Clearwire Launches WiMax Silicon Valley Network

As a precursor to Clearwire's 4G WiMax Bay Area network planned for 2010, Clearwire providing developers, including WiMax investors Google, Intel and Cisco, with a test network.

Clearwire introduced Sept. 15 the launch of the company's largest 4G WiMAX application test environment in the Silicon Valley. The developer network, which is a precursor to commercial service planned for the San Francisco Bay Area in 2010, will cover more than 20 square miles in Santa Clara, Mountain View and parts of downtown Palo Alto.
The coverage footprint includes the local campuses of Intel and Google, two investors in Clearwire. Cisco, another major backer of Clearwire, will receive coverage in the coming months as the network expands.
"We see tremendous potential for true, mobile broadband to act as the catalyst for new and compelling Internet applications that leverage our 4G bandwidth, free of the confines associated with wired connections," John Saw, chief technology officer of Clearwire, said in a statement. "Our goal is to harness the concentration of developer talent in Silicon Valley and accelerate the pace at which these disruptive services are being developed."
Bright House, Comcast, Sprint, and Time Warner Cable also will join Clearwire, Cisco, Intel, and Google as partners in the Innovation Network with plans to participate in promoting the program and deploying 4G development resources into the network. Additionally, Clearwire announced Sept. 15 that it will participate as a sponsor of the Sprint Open Developer Conference scheduled for Oct. 26-28 in Santa Clara.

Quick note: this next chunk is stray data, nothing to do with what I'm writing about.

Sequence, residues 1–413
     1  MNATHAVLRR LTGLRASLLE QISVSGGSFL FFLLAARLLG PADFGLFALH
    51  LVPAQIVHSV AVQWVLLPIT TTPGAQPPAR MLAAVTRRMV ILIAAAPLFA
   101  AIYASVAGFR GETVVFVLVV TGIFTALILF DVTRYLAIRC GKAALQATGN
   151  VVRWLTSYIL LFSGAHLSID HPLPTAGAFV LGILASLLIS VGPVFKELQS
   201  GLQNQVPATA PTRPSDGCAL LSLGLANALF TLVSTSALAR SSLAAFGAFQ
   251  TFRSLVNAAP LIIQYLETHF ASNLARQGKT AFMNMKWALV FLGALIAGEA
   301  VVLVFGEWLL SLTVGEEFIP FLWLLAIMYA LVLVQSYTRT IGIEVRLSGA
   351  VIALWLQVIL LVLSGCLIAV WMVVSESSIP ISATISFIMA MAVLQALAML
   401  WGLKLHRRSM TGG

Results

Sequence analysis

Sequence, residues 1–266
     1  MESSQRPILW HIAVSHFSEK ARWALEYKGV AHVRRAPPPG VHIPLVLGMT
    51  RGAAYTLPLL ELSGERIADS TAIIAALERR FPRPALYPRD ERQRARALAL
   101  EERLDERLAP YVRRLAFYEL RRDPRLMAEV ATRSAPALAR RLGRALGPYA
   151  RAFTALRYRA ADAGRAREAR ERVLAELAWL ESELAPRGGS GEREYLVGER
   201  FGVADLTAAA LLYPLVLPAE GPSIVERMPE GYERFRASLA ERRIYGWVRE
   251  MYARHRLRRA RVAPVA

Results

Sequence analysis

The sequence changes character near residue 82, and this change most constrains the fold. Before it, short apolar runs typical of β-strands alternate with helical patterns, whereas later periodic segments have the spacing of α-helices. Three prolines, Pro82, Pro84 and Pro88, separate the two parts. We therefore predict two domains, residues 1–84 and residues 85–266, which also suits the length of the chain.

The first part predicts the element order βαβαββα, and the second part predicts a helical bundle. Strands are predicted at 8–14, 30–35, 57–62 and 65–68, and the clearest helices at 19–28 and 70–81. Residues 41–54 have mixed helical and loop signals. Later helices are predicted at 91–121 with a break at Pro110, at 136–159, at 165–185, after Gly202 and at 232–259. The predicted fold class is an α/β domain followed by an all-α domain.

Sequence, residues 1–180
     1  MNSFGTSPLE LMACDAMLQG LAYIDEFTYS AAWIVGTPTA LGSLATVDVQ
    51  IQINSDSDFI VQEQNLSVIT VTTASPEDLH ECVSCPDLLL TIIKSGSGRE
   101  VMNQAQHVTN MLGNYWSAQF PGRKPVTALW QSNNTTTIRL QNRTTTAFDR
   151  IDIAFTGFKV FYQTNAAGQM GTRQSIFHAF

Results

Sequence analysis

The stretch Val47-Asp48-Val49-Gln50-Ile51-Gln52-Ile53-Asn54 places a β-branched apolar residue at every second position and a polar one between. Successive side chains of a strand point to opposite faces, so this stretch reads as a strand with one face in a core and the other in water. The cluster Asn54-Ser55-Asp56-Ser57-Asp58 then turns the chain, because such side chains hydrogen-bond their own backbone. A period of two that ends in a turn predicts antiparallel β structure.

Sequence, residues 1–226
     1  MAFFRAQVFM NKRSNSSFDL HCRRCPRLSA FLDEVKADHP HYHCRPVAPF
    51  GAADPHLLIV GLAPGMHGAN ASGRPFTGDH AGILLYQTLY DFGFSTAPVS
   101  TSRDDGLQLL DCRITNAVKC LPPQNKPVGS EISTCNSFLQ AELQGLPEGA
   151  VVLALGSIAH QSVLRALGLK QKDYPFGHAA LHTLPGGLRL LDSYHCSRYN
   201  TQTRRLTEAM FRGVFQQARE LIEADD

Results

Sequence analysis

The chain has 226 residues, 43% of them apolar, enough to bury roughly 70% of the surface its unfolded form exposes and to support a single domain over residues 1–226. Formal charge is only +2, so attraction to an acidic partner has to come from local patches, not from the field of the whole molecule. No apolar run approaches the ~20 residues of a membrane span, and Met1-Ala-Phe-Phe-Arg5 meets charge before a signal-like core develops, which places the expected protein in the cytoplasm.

Developers using the new WiMax development network can expect to see peak download speeds of up to 10 Mbps, with average download speeds of 3-6 Mbps. Service will be provided free to a limited number of qualified developers leading up to the commercial service launch in this area.
"Mobile broadband is fundamentally changing the way people use the Internet, and 4G networks like Clearwire's have incredible potential," said Larry Alder, mobile product manager at Google. "We're excited to see how developers will take advantage of this unique asset as Internet users increasingly expect connectivity regardless of their device or location."